AA: If you had to envision a future for Leviathan what sort of topics would staffers write about? What would Leviathan prioritize?
KE: I think something that I maybe wanted to see more of when I was in Leviathan, when I was in Student Media — and I think we were working hard to do this — but I think just, you know, making conversations about intersectionality more integral to all of the work we were doing. And I know that that’s hard and it makes things more complicated and more time intensive. But again, I just think that the point of critical writing and critical analysis is understanding intersections of identity and I think understanding power and oppression. I think we don’t see a lot of that in what I would call the mainstream news cycle. I want to decipher between what I think of as mainstream news and journalism. And I think that journalism should hold itself to a standard of having critical conversations about things that the mainstream news might not cover or might not see as interconnected or interwoven. And I think more and more it’s uplifting voices that aren’t usually heard or supported in mainstream news. And, again, that isn’t to say that Leviathan hasn’t been working on those, but I think that those are always goals, even if you’re doing them well. One other thing is that engaging in conversations about intersection of religion or national identity with other forms of identity — so not just talking about the white, straight, pro-Israel, Jewish experience, but the understanding of a Jewish experience in many contexts and also how non-Jewish folks can come to the table. Especially for those who might be on a, say, very pro-Palestinian or anti-Zionist side of the conversation. I think we’ve always seen those two sides of opposing poles and I think that they’ve always been in conversation with one another. I think Leviathan’s done a good job of that but I think that there’s always room for more.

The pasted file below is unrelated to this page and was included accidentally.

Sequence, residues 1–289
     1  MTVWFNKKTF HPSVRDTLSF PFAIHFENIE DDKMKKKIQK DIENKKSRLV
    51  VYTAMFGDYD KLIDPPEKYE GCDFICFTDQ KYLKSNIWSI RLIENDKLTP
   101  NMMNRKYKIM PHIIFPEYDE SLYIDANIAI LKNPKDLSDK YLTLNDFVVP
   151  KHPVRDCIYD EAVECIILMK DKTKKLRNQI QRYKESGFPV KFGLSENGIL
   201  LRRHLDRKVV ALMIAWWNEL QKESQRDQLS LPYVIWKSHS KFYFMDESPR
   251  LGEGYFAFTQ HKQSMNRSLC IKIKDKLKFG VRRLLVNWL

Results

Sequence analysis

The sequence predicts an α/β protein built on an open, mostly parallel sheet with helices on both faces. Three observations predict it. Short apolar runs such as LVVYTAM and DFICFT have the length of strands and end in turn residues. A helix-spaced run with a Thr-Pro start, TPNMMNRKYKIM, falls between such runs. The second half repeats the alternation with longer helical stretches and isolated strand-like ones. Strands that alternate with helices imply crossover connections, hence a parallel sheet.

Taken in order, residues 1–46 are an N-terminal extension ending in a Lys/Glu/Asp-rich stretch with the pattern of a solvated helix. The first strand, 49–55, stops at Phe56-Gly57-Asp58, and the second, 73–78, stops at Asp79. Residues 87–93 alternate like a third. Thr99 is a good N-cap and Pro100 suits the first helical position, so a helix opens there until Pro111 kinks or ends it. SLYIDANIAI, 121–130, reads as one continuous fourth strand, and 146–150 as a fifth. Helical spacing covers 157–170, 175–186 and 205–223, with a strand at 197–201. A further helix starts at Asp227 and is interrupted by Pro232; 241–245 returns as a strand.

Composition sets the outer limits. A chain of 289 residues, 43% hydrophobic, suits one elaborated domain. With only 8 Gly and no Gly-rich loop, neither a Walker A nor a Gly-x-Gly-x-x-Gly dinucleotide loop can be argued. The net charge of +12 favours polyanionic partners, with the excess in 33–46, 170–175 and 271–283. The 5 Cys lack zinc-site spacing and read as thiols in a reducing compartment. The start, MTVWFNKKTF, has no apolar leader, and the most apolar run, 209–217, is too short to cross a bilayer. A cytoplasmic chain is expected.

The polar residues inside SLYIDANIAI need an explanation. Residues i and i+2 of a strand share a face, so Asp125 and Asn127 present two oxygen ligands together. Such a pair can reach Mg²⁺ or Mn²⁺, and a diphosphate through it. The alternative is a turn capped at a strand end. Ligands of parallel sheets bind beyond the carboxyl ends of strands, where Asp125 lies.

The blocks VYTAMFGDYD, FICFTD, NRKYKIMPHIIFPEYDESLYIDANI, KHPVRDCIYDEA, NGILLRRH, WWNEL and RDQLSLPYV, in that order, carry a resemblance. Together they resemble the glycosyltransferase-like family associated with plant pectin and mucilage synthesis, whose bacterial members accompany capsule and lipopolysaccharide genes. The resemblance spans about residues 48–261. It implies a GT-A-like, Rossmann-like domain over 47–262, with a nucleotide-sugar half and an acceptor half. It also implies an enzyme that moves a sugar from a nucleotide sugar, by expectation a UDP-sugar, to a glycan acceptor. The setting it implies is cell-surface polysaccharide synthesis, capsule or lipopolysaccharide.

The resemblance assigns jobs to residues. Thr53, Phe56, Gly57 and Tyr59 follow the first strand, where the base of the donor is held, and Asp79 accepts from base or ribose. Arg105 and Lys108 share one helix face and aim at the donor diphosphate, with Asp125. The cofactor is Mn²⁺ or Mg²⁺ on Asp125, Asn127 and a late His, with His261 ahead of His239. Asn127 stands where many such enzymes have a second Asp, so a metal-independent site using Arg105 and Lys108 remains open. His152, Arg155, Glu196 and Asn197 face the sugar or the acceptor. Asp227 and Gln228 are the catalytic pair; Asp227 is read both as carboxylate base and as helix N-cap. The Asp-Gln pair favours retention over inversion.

AA: How did Leviathan influence your life after graduating?
KE: I wanna give Leviathan a lot of credit here, but I also want to extrapolate the credit again to the wider Student Media orgs as well as SOMeCA of really teaching young people to be facilitators and mentors in their own spaces. And I think also teaching young people that they can make things happen without looking to a hierarchy, without buying into mainstream cycles of media production. And I think that there’s a difference between having power and feeling empowered. And I think that in student media we strive to feel empowered. And I think through that process we break down having power. And to me, I think that Leviathan is just the most rewarding and soul-feeding part of my college experiences because I think for me it taught me to stand in my truth but also uplift other people’s truths. And I think that that’s core to any way you’re going to navigate the world.
AA: And you think that you’re still doing that?